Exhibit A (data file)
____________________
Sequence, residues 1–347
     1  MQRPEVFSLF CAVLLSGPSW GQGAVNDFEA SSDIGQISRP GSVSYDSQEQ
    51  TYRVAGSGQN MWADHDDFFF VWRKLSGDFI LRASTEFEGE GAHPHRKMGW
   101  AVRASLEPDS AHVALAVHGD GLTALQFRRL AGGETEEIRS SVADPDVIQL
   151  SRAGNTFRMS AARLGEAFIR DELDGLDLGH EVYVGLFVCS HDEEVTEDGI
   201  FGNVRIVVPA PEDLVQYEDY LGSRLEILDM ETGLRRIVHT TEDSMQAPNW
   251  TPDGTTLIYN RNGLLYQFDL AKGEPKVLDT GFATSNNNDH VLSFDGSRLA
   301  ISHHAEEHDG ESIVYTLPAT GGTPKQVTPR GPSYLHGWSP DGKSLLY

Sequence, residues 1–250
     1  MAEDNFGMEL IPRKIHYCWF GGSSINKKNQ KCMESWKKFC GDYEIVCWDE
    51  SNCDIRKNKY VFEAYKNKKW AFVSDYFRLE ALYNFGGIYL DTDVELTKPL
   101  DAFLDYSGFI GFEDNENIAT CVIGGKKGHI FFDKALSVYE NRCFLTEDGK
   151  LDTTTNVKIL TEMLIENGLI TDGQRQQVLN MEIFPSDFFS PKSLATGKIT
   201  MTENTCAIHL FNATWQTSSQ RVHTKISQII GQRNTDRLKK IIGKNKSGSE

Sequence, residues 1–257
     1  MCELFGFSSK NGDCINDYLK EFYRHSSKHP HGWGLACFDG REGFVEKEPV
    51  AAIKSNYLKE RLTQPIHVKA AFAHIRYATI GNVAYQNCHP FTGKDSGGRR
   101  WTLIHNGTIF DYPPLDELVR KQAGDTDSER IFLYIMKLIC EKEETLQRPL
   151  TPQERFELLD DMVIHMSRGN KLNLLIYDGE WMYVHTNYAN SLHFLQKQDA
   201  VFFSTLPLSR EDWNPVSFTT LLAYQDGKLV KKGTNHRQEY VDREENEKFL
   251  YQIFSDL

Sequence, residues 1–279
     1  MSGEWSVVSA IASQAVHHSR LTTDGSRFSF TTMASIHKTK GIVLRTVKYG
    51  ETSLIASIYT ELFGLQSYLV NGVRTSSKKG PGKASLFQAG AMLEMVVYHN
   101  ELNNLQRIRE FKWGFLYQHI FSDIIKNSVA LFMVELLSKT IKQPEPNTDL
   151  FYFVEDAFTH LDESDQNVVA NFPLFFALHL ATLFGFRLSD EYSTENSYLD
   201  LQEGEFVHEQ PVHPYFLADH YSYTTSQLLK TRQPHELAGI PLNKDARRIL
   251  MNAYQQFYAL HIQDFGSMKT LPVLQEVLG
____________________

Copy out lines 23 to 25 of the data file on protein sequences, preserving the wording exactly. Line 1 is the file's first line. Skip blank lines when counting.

     1  MSGEWSVVSA IASQAVHHSR LTTDGSRFSF TTMASIHKTK GIVLRTVKYG
    51  ETSLIASIYT ELFGLQSYLV NGVRTSSKKG PGKASLFQAG AMLEMVVYHN
   101  ELNNLQRIRE FKWGFLYQHI FSDIIKNSVA LFMVELLSKT IKQPEPNTDL